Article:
Abstract:
Agent-based modeling and simulation is a useful method to study biological phenomena in a wide range of fields, from molecular biology to ecology. Since there is currently no agreed-upon standard way to specify such models it is not always easy to use published models. Also, since model descriptions are not usually given in mathematical terms, it is difficult to bring mathematical analysis tools to bear, so that models are typically studied through simulation. In order to address this issue, Grimm et al. proposed a protocol for model specification, the so-called ODD protocol, which provides a standard way to describe models. This paper proposes an addition to the ODD protocol which allows the description of an agent-based model as a dynamical system, which provides access to computational and theoretical tools for its analysis. The mathematical framework is that of algebraic models, that is, time-discrete dynamical systems with algebraic structure. It is shown by way of several examples how this mathematical specification can help with model analysis.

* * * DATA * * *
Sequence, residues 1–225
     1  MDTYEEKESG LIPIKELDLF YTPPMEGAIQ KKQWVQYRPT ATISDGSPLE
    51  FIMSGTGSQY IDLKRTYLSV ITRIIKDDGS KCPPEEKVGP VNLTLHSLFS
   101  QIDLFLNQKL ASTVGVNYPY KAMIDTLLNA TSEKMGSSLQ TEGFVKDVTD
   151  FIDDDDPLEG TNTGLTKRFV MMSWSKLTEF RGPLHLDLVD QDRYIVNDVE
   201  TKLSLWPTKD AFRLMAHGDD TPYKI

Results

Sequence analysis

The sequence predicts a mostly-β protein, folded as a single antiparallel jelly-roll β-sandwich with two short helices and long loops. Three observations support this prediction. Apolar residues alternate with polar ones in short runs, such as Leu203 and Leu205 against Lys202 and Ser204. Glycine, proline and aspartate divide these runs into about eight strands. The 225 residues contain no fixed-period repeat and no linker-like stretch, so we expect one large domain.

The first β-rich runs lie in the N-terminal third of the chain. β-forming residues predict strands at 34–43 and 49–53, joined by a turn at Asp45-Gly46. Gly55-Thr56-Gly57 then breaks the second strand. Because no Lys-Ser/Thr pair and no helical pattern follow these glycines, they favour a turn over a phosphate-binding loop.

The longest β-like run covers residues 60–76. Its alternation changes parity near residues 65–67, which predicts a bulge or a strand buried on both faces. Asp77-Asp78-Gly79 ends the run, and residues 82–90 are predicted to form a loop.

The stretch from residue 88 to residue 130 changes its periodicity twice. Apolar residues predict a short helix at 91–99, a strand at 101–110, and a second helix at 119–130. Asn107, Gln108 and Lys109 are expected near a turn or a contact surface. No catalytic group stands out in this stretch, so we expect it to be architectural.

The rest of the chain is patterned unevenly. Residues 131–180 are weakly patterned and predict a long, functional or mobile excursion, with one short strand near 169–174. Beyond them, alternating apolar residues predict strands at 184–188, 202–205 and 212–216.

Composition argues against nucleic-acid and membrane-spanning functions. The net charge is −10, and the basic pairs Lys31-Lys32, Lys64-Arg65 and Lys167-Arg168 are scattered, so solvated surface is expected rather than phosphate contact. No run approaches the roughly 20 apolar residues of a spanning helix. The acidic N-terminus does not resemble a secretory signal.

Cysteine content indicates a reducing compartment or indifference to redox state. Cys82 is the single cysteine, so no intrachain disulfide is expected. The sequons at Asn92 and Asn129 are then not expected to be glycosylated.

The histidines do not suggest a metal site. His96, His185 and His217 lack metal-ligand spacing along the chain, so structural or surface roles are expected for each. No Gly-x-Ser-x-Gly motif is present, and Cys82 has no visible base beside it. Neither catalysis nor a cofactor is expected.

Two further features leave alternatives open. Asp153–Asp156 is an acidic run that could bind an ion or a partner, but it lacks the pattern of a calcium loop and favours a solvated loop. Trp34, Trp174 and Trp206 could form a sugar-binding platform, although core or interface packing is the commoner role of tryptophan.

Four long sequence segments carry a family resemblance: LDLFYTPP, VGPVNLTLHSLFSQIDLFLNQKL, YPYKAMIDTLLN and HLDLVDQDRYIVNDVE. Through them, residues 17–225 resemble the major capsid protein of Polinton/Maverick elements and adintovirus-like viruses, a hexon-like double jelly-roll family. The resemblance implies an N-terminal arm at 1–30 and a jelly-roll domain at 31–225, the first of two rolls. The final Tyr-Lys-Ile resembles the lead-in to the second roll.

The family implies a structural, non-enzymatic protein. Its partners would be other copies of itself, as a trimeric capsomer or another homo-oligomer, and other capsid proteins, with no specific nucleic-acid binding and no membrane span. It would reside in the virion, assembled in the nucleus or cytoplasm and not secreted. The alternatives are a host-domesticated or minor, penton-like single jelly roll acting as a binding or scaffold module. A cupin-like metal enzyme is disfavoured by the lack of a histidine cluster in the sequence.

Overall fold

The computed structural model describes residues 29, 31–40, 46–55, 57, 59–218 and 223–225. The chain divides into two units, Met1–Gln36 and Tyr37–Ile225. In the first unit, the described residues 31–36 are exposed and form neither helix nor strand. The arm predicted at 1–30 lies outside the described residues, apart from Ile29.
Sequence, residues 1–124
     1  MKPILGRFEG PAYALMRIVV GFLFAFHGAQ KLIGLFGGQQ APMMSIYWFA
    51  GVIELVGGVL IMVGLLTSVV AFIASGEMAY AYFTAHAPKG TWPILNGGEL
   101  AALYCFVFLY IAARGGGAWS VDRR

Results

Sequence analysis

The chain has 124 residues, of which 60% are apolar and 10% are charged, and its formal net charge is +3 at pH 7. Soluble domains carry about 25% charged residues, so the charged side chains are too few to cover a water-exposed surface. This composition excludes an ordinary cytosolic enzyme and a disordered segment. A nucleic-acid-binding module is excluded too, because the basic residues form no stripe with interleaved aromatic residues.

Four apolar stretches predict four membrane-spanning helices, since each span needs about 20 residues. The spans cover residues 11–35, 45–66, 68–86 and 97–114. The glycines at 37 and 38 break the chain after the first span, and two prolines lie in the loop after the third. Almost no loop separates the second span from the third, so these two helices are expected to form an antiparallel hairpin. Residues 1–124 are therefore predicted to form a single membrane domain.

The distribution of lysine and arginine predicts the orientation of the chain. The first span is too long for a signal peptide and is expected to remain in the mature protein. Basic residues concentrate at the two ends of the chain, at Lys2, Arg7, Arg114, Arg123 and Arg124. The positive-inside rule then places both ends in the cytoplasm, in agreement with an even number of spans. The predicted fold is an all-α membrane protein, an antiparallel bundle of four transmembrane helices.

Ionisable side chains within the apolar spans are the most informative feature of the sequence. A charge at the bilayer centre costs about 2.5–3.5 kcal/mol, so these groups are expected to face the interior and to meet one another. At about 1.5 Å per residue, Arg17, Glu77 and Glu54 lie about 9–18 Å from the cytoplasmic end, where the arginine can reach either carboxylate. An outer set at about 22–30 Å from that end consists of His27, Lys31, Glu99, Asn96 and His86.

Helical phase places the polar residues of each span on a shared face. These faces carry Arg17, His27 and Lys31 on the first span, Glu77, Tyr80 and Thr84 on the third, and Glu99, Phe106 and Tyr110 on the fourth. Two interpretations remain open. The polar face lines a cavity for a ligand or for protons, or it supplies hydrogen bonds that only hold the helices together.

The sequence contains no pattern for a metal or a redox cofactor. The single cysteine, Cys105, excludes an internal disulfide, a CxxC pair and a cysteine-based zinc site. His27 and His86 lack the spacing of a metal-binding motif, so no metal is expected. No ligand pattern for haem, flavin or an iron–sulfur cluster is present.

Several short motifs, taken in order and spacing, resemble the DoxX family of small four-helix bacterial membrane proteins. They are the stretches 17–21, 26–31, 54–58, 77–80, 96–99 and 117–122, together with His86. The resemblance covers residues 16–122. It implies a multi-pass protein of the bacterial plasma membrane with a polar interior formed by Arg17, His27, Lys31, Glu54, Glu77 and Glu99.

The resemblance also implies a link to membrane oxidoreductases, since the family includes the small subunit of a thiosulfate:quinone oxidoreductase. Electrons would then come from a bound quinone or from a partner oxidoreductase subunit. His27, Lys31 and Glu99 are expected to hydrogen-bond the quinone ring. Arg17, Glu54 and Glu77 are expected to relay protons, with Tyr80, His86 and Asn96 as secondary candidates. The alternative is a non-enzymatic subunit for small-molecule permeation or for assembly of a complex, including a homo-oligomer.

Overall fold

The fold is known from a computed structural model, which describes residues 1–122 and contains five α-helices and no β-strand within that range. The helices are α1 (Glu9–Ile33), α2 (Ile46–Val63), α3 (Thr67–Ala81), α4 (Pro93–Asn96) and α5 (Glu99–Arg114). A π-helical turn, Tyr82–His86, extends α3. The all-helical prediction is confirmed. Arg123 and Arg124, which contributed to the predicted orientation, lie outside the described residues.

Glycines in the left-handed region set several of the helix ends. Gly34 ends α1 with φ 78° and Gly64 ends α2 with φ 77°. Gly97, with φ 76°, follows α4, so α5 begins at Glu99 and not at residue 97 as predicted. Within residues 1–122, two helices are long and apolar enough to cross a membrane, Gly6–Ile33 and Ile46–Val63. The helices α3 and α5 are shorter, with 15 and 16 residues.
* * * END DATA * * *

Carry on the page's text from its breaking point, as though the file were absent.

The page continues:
Abstract: